Project Success Through Excellence in Procurement & Contract Management
The Deputy Chair of the Contracts and Procurement SIG, Dr Jon Broome, gave an overview of the new APM Guide to Contracts and Procurement, which he also co-edited, on 6 March 2018, to members of the Midlands branch at the Hilton Garden Inn, Brindley Place, Birmingham.
Almost all project managers need to procure resources at some time, so using the 7-stage activity model would increase the chances of success – which, according to Jon, is essentially ‘small things done well, consistently’.
To start with, what exactly is procurement? Jon invited the members to think of it in terms of ‘the cards you deal yourself’. The sooner you get involved, the more influence you can exert. With 80-90% of a project spend often being outsourced, he argued that procurement should be tackled as a project in itself – i.e. creating something unique.
Developments since the last guide show a much broader appreciation of criteria over-and-above cost, including an increasing need for collaboration. Modern contracts are more relationship-based, with an emphasis on how parties work together. When situations change, Jon asked, how will the change be managed and evaluated?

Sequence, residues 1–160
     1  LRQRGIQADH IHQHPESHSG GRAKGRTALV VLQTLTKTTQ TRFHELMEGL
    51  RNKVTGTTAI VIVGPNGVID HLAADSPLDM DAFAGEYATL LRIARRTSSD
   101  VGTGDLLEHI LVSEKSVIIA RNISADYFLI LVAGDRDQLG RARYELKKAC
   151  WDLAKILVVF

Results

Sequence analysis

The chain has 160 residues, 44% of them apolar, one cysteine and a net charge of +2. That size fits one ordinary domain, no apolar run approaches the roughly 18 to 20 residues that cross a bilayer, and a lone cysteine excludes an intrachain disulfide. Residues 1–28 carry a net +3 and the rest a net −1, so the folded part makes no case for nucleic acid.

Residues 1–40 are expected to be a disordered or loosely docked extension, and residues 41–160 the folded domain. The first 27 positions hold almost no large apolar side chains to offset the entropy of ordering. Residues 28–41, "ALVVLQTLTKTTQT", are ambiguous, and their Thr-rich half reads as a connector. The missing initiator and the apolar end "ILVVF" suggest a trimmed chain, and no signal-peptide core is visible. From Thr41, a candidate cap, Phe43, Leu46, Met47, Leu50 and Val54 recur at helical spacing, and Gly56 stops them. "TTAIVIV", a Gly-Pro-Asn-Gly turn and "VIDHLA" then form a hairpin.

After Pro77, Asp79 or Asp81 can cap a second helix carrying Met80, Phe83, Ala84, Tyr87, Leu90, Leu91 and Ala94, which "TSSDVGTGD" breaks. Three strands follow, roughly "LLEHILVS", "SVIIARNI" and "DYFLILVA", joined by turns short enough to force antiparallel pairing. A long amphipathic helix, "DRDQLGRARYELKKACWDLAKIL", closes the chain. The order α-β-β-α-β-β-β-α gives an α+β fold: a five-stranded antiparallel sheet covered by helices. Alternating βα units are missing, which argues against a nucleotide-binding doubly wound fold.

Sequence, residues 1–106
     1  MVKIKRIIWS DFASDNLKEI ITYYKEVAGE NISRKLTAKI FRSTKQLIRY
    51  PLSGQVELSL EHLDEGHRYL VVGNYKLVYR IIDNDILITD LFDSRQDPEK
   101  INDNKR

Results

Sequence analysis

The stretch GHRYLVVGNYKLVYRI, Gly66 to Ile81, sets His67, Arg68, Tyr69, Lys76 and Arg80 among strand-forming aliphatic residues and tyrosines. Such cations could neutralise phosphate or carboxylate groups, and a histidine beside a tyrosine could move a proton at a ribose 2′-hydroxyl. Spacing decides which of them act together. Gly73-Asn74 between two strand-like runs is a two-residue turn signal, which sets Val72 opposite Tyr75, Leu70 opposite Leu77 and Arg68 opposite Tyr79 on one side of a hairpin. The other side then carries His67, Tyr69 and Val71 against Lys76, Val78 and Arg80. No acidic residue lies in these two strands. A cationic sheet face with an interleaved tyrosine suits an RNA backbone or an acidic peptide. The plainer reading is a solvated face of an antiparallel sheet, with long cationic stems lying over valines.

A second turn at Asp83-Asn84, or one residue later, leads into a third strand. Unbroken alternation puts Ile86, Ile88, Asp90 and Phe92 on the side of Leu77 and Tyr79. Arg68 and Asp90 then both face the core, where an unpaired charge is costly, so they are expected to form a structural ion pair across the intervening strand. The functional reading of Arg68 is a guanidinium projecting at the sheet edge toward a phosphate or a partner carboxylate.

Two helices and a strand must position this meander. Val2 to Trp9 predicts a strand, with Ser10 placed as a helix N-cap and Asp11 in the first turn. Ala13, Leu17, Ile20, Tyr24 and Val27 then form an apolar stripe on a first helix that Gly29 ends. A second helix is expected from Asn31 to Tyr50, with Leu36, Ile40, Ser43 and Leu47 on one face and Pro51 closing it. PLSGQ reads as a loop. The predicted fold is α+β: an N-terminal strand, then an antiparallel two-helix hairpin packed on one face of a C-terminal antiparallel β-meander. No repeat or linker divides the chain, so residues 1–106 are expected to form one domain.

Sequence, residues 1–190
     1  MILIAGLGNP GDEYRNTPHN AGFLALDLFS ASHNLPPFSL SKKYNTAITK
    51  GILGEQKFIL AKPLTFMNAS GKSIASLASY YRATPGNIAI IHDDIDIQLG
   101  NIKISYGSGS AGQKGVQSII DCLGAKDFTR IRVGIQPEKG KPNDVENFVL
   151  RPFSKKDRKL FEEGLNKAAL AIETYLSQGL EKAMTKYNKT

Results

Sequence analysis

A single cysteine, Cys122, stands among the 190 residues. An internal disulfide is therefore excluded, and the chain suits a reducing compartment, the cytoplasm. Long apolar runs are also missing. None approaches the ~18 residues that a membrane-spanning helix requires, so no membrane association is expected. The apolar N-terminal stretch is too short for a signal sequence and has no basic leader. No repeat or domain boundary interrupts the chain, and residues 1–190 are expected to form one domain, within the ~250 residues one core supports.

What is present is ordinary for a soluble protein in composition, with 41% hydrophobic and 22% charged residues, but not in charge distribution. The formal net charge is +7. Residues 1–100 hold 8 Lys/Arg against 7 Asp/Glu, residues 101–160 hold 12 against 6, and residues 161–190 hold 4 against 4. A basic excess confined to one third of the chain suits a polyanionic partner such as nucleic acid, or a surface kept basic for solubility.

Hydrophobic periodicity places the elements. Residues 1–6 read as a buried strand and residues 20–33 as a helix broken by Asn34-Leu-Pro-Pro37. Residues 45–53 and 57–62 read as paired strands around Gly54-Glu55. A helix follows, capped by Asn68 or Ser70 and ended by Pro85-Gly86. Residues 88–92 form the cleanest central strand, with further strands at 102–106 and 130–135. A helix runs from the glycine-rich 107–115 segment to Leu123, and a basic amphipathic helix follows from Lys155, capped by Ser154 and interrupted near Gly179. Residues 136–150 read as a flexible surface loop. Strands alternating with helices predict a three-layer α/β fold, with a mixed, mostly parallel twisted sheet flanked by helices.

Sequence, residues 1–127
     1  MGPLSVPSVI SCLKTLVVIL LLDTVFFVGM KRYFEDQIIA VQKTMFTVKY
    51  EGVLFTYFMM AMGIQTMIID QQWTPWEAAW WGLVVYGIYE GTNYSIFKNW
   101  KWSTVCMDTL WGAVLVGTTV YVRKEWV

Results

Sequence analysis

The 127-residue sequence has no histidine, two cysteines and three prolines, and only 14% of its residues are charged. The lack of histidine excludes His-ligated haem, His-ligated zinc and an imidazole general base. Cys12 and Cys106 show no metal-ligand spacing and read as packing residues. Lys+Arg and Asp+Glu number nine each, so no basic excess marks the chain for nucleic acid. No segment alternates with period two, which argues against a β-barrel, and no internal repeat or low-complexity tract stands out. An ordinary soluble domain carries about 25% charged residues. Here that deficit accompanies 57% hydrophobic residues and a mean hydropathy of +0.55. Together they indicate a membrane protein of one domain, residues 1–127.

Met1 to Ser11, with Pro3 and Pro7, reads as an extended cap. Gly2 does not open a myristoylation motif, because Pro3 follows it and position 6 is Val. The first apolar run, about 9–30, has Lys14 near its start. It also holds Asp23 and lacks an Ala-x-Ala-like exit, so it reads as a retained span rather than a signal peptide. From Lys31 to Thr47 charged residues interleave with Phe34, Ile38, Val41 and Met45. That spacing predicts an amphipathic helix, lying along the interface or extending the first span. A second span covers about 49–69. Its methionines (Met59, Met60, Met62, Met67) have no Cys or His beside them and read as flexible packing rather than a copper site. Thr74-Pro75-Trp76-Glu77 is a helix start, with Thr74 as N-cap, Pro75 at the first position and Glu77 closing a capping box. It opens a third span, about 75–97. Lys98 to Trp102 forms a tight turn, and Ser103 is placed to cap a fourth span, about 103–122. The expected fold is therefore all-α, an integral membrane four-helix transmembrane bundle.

The guide provides a new wider-ranging definition for procurement, including determining the Package Breakdown Structure (PaBS) and agreeing strategy, scope and the management of each task.
Project managers should be encouraged to be involved in all aspects of the procurement stage. Since the concept and feasibility of the procurement planning stage is essentially ‘the business’ case’, Jon argued, shouldn’t project and procurement managers be introduced from the start?
Jon described how agile could almost be seen as a number of small programmes taking you towards a ‘fuzzy’ goal, which becomes clearer in time. A drafting ‘philosophy’ should be agreed up-front to help reduce the risk of expensive oversights resulting from poorly briefed lawyers and/or technical consultants.
By ‘procuring at a higher level’, you can provide the reason ‘why’ (i.e. the business case) so that what’s being requested is what you get!
Jon also presented the Top 7 tips for drafting the contract, including making obligations clear and keeping it simple! During the ‘project’, the Deming/Shewhart PDCA cycle (Plan, Do, Check, Act) can keep the whole communication process moving, managed and improved upon.
The closing tip was to be completely clear when you are administering the contract – in which case you must act as an ‘impartial administrator’ - or managing it, when you can act and make decisions in your client’s best interests.
Adrian Turner, Midlands branch volunteer.
The APM Guide to Contracts and Procurement is available to buy.
The presentation also be viewed on the APM Slideshare page